The full conference announcement can be read on the IEH website, here.

NACCHO Aboriginal News: Input Required to Renew Indigenous Suicide Prevention Strategy

 

Input required to renew Aboriginal and Torres Strait Islander Suicide Prevention Strategy

Marking World Suicide Prevention Day, Gayaa Dhuwi (Proud Spirit) Australia (GDPSA) announced the renewal of the 2013 National Aboriginal and Torres Strait Islander Suicide Prevention Strategy (NATSISPS) and called for stakeholders to make sure their voices are heard during the process.

GDPSA CEO Mr Tom Brideson explained, “The NATSISPS was released in May 2013. It was developed by Indigenous experts and leaders in mental health and suicide prevention and remains a sound evidence-based strategic response to Indigenous suicide. However, it also responded to a set of circumstances that have changed since 2013 and that require it to be renewed.

“GDPSA would like to hear from you to inform the NATSISPS renewal process. To that end, between now and the end of 2020, we will be hosting a number of targeted subject matter roundtables and Zoom consultations with particular groups, but there is also the opportunity to participate through our website and to make submissions against a Discussion Paper we have developed.”

Professor Pat Dudgeon, GDPSA director and National Director of the Centre of Best Practice in Indigenous Suicide Prevention (CBPATSISP) continued, Australian governments announced the renewal of the NATSISPS, alongside the development of a new mainstream national suicide prevention plan, in the 2017 Fifth National Mental Health and Suicide Prevention Plan. GDPDSA has been asked by the Australian Government to renew the NATSISPS and will work closely with CBPATSISP and the Prime Minister’s National Suicide Prevention Taskforce to that end. We also want to hear from a range of stakeholders and – on behalf of both GDPSA and CBPATSISP – I strongly encourage you to participate – including Indigenous and non-Indigenous stakeholders.”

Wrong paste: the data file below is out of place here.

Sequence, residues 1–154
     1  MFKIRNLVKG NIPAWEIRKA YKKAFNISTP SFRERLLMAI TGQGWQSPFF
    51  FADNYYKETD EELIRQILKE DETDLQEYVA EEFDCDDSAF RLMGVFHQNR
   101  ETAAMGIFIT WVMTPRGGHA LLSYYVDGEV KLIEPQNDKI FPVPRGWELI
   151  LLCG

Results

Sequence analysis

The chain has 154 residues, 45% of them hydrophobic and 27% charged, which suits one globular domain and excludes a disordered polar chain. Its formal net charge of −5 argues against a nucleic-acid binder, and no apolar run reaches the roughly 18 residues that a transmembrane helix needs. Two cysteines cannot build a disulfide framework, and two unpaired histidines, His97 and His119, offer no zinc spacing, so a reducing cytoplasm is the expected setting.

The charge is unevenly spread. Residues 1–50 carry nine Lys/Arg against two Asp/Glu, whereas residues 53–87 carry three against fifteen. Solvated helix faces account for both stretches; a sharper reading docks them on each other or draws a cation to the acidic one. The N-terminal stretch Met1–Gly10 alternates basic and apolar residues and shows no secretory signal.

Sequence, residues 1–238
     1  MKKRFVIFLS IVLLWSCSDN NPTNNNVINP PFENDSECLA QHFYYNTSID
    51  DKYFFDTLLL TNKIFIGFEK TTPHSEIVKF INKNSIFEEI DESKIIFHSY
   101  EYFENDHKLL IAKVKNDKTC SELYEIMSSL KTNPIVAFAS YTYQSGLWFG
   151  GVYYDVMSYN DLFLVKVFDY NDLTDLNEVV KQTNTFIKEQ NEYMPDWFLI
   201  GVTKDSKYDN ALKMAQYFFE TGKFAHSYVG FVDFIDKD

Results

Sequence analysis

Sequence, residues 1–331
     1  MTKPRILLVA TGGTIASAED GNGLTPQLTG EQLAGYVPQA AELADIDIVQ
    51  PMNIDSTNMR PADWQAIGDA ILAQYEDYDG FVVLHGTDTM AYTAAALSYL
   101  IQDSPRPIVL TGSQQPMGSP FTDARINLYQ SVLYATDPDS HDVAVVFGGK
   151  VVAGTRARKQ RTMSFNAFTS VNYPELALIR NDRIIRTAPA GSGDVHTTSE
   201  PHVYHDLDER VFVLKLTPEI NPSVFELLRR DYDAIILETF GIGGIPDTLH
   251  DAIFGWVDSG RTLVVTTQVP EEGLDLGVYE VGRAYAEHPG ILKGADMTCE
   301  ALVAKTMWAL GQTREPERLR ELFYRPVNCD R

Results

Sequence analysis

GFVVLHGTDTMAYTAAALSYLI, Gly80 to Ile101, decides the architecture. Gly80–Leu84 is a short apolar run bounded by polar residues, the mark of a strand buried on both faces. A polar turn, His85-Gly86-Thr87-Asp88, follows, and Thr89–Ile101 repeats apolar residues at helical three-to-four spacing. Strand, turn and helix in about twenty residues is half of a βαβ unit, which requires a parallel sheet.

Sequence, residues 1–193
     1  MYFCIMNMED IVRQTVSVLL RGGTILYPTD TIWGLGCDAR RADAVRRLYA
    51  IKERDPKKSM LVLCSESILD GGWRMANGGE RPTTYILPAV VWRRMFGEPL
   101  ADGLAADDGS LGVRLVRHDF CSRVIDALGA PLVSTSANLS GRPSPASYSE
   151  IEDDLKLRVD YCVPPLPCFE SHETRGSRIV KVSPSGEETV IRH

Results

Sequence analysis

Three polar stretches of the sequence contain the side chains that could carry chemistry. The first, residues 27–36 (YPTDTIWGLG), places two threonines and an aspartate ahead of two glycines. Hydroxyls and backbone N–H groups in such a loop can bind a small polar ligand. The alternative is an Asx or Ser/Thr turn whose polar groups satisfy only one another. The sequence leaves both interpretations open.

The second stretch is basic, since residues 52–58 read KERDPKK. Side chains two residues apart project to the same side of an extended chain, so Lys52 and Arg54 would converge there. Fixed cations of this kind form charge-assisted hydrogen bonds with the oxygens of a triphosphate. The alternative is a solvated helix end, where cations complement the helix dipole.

GDPSA Chair Professor Helen Milroy said, “Preliminary advice we have provided to the Taskforce are that there are two priority areas for consideration in NATSISPS renewal. The first is establishing Indigenous governance of Indigenous suicide prevention including at the national, regional and community levels. The second is establishing what is important to include in integrated approaches to Indigenous suicide prevention in our communities. In particular, with reference to ATSISPEP’s Solutions That Work report, and the to-be-released learnings from the Indigenous-specific suicide prevention trial sites. This includes consideration of clinical and cultural support elements of mental health and suicide prevention service provision.

To find out more or to make a submission please visit: https://www.gayaadhuwi.org.au/sp-strategy-renewal/

NACCHO highlights ACCHO work on World Suicide Prevention Day

National Indigenous Times (NIT) feature:

Currently, suicide is the fifth leading cause of death for Indigenous people in Australia, with rates twice as high as that for non-Indigenous Australians. ACCHOs are delivering place-based, community-led strategies and solutions to decrease suicide rates.